A To check that it's properly adjusted
B To check your road position
C To see if other vehicles have been affected
D To see if the rider is in control of their motorcycle
Correct Answer: D To see if the rider is in control of their motorcycle
Explanation: You must check the nearside mirror during and after overtaking a motorcyclist. Make sure that the rider is still in control and that your vehicle's draught hasn't caused them to lose their balance.
A Curtain-sided vehicles
B Front-wheel-drive vehicles
C Slow-moving vehicles
D Track-laying vehicles
Correct Answer: A Curtain-sided vehicles
Explanation: In very windy conditions, certain types of vehicle can be blown off course. These include box vans, curtain-siders, caravans and motorcycles. Make allowances for how the wind might affect these vehicles, especially if you're overtaking.
A Across viaducts
B In cuttings
C Passing large signs
D Through tunnels
Correct Answer: A Across viaducts
Explanation: On motorways, be especially careful when driving over bridges and viaducts. The road here is exposed and in windy weather there's a risk of strong side wind, which may blow you off course or even blow your vehicle over. In severe windy weather, these routes are often closed to drivers of high-sided vehicles.
A Other vehicles will have their lights on
B The road may still be slippery
C Vehicles may be parked on the hard shoulder
D Wet roads may cause more buffeting
Correct Answer: B The road may still be slippery
Explanation: Rain, combined with oil, rubber particles, dirt and debris on the road surface, reduces the tyres' grip on the road. It can be especially slippery when it rains after a long dry spell.
A To avoid puncturing the tyres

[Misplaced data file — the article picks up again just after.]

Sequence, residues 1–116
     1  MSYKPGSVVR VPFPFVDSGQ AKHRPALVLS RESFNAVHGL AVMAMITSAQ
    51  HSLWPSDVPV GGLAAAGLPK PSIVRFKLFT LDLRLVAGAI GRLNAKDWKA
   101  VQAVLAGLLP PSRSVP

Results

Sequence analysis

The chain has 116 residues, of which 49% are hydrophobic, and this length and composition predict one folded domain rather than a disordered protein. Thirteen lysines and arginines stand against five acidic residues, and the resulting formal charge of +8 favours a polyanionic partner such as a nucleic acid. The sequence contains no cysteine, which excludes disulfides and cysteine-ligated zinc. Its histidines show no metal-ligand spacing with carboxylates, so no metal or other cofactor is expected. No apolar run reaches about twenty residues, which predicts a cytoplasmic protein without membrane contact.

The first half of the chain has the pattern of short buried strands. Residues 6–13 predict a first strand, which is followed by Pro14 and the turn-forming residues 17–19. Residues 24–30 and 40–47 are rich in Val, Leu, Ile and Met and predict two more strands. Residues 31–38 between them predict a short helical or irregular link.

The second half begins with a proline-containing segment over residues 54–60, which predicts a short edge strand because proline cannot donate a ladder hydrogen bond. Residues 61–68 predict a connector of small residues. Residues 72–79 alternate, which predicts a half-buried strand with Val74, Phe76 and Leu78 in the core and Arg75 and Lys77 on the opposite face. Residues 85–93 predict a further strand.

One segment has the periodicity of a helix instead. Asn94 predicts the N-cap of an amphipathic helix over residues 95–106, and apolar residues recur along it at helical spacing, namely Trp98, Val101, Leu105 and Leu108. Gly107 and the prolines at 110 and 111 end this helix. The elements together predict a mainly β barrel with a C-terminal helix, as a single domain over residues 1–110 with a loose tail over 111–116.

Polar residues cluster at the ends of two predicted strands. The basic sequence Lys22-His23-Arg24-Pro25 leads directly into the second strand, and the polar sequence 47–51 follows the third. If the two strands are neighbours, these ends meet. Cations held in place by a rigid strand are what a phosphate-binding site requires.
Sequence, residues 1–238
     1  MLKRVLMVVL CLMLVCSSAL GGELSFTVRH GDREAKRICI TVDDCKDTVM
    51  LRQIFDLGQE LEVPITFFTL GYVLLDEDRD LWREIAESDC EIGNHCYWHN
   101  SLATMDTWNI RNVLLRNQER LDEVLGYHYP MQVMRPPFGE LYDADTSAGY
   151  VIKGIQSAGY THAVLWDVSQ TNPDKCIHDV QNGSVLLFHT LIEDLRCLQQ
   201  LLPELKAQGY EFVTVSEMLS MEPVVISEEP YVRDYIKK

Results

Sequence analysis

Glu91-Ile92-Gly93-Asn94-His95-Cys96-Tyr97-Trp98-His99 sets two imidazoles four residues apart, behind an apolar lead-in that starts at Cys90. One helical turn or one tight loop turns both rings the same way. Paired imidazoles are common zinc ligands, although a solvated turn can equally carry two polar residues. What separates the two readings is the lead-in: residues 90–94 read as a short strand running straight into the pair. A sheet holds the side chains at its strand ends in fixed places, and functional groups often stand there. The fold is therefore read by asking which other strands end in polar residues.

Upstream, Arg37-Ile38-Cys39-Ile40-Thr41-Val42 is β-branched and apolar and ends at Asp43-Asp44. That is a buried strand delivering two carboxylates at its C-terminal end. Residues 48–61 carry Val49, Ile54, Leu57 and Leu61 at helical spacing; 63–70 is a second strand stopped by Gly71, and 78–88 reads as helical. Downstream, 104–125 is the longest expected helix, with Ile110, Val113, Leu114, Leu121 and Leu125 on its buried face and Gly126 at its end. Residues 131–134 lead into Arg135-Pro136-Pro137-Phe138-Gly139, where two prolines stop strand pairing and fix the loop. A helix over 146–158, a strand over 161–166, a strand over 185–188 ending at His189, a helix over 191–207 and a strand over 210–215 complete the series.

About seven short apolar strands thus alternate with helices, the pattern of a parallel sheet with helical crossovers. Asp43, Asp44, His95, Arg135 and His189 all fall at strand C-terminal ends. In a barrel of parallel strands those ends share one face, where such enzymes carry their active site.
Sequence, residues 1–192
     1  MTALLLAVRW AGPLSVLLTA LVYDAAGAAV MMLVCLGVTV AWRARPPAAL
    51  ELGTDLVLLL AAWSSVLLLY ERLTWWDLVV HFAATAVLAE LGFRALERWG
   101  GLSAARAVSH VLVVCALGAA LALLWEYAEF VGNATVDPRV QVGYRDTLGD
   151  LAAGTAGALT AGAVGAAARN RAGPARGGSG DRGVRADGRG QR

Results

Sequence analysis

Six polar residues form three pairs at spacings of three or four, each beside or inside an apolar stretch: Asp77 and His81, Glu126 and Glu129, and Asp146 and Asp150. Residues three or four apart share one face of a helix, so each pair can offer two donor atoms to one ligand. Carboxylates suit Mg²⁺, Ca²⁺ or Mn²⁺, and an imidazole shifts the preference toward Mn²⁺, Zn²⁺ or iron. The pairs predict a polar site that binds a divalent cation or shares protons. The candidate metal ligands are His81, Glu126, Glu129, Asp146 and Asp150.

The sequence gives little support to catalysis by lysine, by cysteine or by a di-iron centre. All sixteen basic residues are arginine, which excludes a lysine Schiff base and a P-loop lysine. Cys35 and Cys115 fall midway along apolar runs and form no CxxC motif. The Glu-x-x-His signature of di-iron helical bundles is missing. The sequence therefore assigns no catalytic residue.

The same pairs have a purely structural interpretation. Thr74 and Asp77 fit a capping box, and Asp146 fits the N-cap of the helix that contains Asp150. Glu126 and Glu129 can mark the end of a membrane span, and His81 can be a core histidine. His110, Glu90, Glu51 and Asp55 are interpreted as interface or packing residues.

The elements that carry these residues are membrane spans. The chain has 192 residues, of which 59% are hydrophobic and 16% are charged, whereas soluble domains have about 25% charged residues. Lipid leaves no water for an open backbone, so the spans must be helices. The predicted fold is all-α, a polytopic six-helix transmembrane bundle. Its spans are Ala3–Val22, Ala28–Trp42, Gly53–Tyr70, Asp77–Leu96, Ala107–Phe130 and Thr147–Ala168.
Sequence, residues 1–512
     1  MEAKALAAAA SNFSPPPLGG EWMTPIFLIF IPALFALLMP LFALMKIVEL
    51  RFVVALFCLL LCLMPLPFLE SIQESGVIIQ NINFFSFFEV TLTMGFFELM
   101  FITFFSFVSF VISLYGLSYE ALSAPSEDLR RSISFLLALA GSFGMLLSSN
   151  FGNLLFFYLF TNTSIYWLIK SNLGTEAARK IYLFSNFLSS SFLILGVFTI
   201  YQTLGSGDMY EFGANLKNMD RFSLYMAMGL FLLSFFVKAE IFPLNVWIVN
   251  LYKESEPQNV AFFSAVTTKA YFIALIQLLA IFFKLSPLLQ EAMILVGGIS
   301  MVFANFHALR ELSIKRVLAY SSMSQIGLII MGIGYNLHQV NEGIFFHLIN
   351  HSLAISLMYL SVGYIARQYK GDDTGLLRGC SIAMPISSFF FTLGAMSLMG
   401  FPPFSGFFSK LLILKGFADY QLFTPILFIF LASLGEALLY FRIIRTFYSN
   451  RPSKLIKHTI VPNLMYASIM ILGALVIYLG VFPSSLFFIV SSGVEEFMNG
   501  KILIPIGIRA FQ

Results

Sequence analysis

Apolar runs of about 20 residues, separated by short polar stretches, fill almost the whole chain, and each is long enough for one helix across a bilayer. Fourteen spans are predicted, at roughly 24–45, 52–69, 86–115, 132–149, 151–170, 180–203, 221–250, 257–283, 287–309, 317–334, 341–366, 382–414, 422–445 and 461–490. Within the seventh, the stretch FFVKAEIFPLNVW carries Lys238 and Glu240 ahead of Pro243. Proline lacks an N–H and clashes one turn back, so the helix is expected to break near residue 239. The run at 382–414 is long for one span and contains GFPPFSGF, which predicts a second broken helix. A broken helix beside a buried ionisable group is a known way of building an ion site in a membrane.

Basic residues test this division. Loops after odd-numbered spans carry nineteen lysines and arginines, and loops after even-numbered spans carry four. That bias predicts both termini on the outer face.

B To avoid splashing pedestrians
C To improve their view around the bend
D To reduce the risk of skidding
Correct Answer: D To reduce the risk of skidding
Explanation: Drain covers usually have a metal surface. When wet, these covers are slippery and can cause a motorcycle to skid; be prepared for riders to avoid them.
A Five times the normal distance
B The normal distance
C Three times the normal distance
D Twice the normal distance
Correct Answer: D Twice the normal distance
Explanation: If you're travelling in heavy rain, you should be aware that it could take twice as long for you to stop as it would in dry weather. Increase your distance from the vehicle in front to allow for the longer stopping distance.
A Leave the motorway at the next exit
B Move into the lane on the right
C Switch on your dipped headlights
D Use the two-second rule
Correct Answer: C Switch on your dipped headlights
Explanation: If you're travelling on a motorway and your view ahead is poor, then you should reduce your speed. Leave at least four seconds between your vehicle and the one in front, and make sure that others can see you by using your dipped headlights.
A Your braking distance may be reduced
B Your engine may get flooded
C Your steering may become heavy
D Your tyres may lose grip
Correct Answer: D Your tyres may lose grip
Explanation: In very wet conditions, tyres may be unable to clear all the water from their path. This can result in a layer of water building up between the road and the tyre - a situation known as aquaplaning. To regain control, ease off the accelerator and, as the vehicle slows, the tyres should regain their grip. It's safer to reduce the risk of aquaplaning occurring by driving more slowly in very wet weather.
A Manhole covers will be slippery
B There'll be distracting bright reflections
C Visibility will be reduced by spray from traffic
D Your braking distances will be reduced
Correct Answer: C Visibility will be reduced by spray from traffic
Explanation: Other road users can be affected by the spray from large vehicles, severely reducing their vision. Always take care when you need to change lanes: signal in good time and watch your mirrors carefully before pulling out in these conditions.
A Drivers bunch together when it's raining
B Headlights will dazzle you more easily
C More spray will be thrown up
D Windscreen wipers obstruct your view
Correct Answer: C More spray will be thrown up